Amid Funding Boom, Zerodha CEO Nithin Kamath Says It’s The “Stupidest Time” For Fintech Firms To Raise Money

These are exuberant times in India’s startup ecosystem — money is flowing, new unicorns are being created faster than ever thought possible, and the mood is upbeat. But not everyone is buying into the euphoria.

Zerodha founder and CEO Nithin Kamath has said that it’s the “stupidest time” for fintech firms to raise money. “Right now, is probably the stupidest time for fintech firms like Zerodha to be raising money. It is quite crazy the number of folks reaching out & the different deals. We might regret it in the future, but we are not raising,” he wrote on Twitter.

Zerodha is one of the poster boys of not raising money — the company is famously bootstrapped, having never raised VC funds, and unlike most Indian unicorn startups, is profitable to boot. But Nithin Kamath’s reasoning for not raising money at this point is more nuanced.

“We don’t need the money, so there’s no point in raising money just because someone is ready to give it to you. We are profitable, have zero debt. And we don’t spend on marketing and advertising which is probably the single biggest reason for folks raising money,” he added.

“We don’t want to grow just for sake of growth with random businesses. We want to build things around our core competency, do it well. We are partnering great founders for any adjacent opportunities through Rainmatter (its startup arm) and fostering innovation in a highly regulated market,” he writes.

Kamath said that Zerodha’s business performance was directly linked to the performance of the stock market, so it was hard to promise continuous growth to investors. “Our business performance is directly linked to fortunes of the stock market. The hotness of our industry can disappear overnight with a 20% fall in the markets. As a founder, it is hard to take on the investor obligation to continuously keep growing in an industry like ours,” he said.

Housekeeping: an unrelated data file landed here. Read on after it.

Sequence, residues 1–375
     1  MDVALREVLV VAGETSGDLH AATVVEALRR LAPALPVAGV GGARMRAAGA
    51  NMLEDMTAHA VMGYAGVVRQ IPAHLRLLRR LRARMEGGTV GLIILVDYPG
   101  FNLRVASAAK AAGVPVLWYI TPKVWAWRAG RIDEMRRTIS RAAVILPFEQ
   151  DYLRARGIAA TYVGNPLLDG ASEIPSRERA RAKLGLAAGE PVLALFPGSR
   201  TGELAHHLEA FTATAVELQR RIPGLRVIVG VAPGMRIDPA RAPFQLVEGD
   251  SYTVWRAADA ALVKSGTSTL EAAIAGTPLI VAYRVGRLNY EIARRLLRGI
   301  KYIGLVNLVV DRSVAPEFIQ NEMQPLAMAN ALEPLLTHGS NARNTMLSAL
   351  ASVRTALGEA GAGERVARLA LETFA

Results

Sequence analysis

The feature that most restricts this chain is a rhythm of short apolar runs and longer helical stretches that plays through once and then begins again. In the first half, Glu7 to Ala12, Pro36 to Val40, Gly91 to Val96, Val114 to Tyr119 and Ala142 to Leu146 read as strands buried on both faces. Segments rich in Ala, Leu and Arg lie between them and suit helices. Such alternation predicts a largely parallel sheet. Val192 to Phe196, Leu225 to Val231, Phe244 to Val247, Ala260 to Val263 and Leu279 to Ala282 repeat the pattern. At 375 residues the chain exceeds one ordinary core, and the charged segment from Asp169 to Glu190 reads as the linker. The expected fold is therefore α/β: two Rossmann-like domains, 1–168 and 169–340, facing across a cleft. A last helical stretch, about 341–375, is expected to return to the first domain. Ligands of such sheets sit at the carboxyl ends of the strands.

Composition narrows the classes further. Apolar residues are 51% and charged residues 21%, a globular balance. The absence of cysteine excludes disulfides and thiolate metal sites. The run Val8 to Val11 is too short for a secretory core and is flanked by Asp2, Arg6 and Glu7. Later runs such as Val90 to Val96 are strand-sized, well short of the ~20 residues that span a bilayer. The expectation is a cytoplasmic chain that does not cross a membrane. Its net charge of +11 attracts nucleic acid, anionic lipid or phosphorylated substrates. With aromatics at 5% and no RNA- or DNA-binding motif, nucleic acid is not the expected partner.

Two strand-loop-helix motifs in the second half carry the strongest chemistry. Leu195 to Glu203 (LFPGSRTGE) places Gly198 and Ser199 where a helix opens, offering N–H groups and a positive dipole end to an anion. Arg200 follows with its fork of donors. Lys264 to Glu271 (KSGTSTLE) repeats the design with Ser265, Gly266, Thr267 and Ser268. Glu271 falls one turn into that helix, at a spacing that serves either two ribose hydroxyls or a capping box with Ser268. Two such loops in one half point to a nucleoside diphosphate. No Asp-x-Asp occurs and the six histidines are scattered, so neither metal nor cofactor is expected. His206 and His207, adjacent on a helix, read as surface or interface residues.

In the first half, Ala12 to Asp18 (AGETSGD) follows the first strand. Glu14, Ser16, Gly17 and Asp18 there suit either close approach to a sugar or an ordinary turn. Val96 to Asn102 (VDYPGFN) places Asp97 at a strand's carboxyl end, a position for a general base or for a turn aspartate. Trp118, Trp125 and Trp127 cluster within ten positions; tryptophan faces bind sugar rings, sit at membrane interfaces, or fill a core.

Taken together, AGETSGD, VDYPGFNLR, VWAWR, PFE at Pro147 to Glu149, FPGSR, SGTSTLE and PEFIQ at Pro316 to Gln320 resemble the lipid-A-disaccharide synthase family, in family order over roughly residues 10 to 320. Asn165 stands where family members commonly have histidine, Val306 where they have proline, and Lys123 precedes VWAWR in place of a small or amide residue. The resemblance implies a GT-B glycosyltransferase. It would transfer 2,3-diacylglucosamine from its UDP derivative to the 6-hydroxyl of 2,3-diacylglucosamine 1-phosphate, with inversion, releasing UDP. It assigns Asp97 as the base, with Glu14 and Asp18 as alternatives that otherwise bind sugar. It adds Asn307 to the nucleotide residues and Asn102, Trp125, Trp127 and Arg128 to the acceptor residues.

He also said that the interests of VCs and his customers wouldn’t always align, and said that his company was putting customers first. “Building a business requires a moat. Be it a better product, deeper pockets (investors), or the ability to stay customer focussed at all times. In an industry like ours, what is right for the investors (VCs) is hardly ever right for the customer (more trades, loans, etc).”

He highlighted a product feature that Zerodha has built, called Nudge, that sometimes warns investors when they’re breaking basic trading rules, and stops them from trading. “Our bet is that in a fight of deep pockets, the ability to do what is right for the customer will be our edge. For eg, the focus now is to help traders be profitable using Nudge. Each nudge reduces our trading volume and revenue but is the right product for the customer,” he wrote.

Kamath, though, seems to realize that his approach goes against the conventional wisdom in the startup ecosystem. “But yeah, all of these theses may be wrong,” he admits. “But the freedom of not being obligated to an investor is much more valuable than the biggest cheque. And having the option to say all of this is probably a moat in itself,” he adds.

The timing of his comments, though, is interesting. Just yesterday, Groww had raised $89 million at a valuation of over $1 billion, and it competes directly with Zerodha in letting users buy stocks, mutual funds and other financial products. Unlike Zerodha, which is bootstrapped, Groww has raised $142 million thus far. Zerodha, though, seems intent on sticking to the approach that’s stood it in good stead all these years, making it one of the handful of Indian tech companies startups which are valued at over $1 billion without having ever raised money from investors. How Zerodha’s conservatism and focus on customers fares against traditional startups which have the luxury of burning VC money will be a fascinating battle to watch in the years to come, and could well determine how fintech startups are created going forward.